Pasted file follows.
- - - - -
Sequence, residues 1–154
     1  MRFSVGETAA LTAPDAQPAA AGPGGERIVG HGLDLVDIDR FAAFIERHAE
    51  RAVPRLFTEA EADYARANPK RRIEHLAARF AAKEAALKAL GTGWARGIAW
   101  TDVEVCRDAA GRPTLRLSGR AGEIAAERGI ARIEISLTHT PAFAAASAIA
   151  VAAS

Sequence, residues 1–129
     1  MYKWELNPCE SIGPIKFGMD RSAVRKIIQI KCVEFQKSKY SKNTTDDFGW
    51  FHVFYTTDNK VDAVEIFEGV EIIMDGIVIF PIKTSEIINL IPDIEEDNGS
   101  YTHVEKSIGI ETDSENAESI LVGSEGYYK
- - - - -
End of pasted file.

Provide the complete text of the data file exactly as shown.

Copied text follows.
Sequence, residues 1–154
     1  MRFSVGETAA LTAPDAQPAA AGPGGERIVG HGLDLVDIDR FAAFIERHAE
    51  RAVPRLFTEA EADYARANPK RRIEHLAARF AAKEAALKAL GTGWARGIAW
   101  TDVEVCRDAA GRPTLRLSGR AGEIAAERGI ARIEISLTHT PAFAAASAIA
   151  VAAS

Sequence, residues 1–129
     1  MYKWELNPCE SIGPIKFGMD RSAVRKIIQI KCVEFQKSKY SKNTTDDFGW
    51  FHVFYTTDNK VDAVEIFEGV EIIMDGIVIF PIKTSEIINL IPDIEEDNGS
   101  YTHVEKSIGI ETDSENAESI LVGSEGYYK